Latest event of the PAHT project held in Lisbon

The PAHT project held its latest seminar in the Portuguese Parliament last week on Thursday 13 and Friday 14 September 2012. Welcoming MPs and NGOs from eight EU countries, the seminar was organised in cooperation with the Portuguese Parliament’s Subcommittee on Equality.

The seminar was opened by Anthony Steen, Chairman of the Human Trafficking Foundation and Elza Pais, Chairwoman of the Subcommittee on Equality. Ms Pais stated that trafficking is firmly on the agenda of the Portuguese Parliament and that Portugal takes a zero tolerance approach to tackling the problem.

Next followed keynote speeches by Manuel Albano, Coordinator of the National Action Plan and National Rapporteur, and Joana Daniel-Wrabetz, Director of the Observatory on Trafficking in Human Beings. Mr. Albano outlined the Portuguese approach to trafficking, advocating for a rights based approach. He wants trafficking to be brought into mainstream discussion, like the domestic violence debate. He also described an indictaor card developed by the National Rapporteur to provide police with the signs of trafficking.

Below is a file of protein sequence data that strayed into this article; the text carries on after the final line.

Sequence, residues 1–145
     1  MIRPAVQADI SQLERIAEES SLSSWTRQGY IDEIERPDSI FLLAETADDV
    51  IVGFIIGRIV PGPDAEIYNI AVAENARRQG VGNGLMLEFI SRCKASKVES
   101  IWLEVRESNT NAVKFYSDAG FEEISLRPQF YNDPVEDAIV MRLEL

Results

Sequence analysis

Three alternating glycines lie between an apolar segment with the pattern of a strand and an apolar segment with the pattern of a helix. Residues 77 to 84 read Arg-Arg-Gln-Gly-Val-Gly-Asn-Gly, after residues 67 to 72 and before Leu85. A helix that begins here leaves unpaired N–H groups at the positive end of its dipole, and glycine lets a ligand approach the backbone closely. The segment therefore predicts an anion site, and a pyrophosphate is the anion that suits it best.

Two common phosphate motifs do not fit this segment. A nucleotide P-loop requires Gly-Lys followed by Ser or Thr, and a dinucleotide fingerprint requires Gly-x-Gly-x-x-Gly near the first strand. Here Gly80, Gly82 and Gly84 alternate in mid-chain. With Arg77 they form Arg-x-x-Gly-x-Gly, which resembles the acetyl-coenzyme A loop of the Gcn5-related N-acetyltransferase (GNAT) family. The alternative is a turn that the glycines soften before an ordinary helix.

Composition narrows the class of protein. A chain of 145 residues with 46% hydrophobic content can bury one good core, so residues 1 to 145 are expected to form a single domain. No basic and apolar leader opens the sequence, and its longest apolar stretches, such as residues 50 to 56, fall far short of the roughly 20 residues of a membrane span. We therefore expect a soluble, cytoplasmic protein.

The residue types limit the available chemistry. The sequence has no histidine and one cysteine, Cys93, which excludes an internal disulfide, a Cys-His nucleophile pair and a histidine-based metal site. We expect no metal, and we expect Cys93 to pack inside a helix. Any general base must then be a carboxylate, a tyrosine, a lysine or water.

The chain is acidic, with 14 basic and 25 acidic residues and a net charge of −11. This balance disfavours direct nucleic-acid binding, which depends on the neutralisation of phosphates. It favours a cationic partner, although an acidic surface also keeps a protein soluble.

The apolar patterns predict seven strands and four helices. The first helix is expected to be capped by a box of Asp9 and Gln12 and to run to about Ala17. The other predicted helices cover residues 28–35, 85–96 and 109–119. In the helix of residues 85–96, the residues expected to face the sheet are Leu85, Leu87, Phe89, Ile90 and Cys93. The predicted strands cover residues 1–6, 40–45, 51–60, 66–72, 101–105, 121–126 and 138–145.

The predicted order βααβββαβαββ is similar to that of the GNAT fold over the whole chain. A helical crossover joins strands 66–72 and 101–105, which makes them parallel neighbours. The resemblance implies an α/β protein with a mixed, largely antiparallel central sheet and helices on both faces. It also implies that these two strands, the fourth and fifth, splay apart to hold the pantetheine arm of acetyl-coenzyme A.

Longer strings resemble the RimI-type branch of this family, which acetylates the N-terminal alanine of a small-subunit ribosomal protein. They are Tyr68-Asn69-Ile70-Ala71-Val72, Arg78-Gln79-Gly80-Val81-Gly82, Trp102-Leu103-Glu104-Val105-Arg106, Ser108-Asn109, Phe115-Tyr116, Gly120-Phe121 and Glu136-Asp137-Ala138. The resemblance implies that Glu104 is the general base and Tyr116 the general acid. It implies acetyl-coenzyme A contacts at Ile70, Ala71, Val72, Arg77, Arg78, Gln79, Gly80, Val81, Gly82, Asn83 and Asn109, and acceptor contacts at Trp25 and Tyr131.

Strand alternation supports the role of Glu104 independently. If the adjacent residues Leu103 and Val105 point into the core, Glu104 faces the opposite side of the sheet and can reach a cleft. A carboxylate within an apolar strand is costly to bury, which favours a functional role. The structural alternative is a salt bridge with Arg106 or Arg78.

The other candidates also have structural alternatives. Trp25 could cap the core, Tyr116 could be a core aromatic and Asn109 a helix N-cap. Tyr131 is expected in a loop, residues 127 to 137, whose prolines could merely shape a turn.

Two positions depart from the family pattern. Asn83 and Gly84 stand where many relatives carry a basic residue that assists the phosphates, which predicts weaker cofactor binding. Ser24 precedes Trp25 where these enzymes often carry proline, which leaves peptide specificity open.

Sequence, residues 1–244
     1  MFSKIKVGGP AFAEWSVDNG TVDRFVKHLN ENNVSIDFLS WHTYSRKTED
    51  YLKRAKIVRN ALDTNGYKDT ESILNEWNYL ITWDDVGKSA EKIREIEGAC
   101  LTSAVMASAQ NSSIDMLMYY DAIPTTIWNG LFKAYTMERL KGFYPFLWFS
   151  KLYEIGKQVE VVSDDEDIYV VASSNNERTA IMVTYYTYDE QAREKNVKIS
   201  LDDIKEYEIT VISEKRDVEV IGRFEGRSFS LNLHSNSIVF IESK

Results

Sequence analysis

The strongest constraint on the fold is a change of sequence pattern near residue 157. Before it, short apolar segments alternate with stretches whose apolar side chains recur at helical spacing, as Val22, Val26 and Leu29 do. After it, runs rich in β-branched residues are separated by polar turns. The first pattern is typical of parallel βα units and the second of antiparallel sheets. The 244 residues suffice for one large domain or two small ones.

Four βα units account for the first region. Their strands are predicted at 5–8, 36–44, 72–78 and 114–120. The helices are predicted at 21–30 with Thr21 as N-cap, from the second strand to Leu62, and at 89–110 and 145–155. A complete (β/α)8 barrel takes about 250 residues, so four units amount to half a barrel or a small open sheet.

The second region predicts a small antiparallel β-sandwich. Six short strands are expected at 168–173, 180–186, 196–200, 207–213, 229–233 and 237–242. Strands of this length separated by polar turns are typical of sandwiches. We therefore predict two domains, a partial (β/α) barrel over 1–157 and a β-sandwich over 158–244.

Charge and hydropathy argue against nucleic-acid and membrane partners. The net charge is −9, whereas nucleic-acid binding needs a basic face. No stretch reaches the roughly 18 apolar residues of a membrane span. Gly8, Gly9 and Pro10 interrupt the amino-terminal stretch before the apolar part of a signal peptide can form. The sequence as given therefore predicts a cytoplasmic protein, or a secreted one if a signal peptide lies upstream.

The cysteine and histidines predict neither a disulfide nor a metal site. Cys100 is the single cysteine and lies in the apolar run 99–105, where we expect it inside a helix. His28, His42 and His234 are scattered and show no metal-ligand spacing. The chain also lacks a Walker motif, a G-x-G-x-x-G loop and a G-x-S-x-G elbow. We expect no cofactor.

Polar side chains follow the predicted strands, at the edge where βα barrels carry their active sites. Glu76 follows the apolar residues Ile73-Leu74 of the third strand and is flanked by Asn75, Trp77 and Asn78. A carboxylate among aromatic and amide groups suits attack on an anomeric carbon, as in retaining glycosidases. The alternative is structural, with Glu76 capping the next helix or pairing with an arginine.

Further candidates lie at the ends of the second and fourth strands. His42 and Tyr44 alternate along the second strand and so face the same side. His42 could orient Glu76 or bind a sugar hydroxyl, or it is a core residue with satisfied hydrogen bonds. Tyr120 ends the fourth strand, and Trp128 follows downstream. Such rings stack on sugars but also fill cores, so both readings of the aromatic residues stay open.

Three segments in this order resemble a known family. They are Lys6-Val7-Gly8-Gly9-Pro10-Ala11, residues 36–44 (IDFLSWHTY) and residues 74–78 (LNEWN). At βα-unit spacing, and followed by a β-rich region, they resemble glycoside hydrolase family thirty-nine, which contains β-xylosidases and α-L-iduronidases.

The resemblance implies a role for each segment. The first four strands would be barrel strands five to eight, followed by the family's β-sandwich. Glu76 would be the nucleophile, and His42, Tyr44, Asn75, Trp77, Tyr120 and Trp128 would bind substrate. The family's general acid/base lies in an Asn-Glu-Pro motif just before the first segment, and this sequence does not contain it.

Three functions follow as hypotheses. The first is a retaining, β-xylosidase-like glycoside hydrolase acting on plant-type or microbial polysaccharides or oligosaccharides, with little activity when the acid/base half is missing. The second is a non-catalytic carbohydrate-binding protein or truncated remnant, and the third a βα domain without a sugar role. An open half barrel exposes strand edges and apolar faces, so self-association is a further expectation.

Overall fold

Ms. Daniel-Wrabetz demonstrated mapping software developed in Portugal, which helps to provide a socio-economic profile of victims. By mapping cases, police can analyse why a particular area might be especially susceptible for cases of trafficking.

The day’s debate concluded with a lively parliamentary discussion on why data collection and evidence gathering on trafficking is important for anti-trafficking efforts, with interventions from Caroline Szyber MP (Sweden), Johan Linander MP (Sweden) and Maria Paula Cardoso MP (Portugal). In the evening, delegates attended a reception at the British Ambassador’s residence, hosted by Deputy Head of Mission Peter Connolly.

Friday started with a presentation on evidence gathering by Christine Beddoe, Director of ECPAT UK. Citing the example of a Bulgarian trafficked child, she highlighted the importance of Joint Investigation Teams in investigating cases of suspected trafficking. After a discussion on the benefits of working together, Klara Skrivankova from Anti Slavery International gave a presentation on the importance of data collection to advocate for change.

Next followed contributions from Portuguese NGOs and government agencies on their experiences of helping victims of trafficking. Finally, Elsa Pais MP and colleagues from the Portuguese Subcommittee on Equality gave presentations to the seminar about the importance of tackling human trafficking.

The PAHT project is grateful to the Assembleia da Republica, especially the staff of the Subcommittee on Equality, and the British Embassy in Lisbon for their help with preparations for the seminar.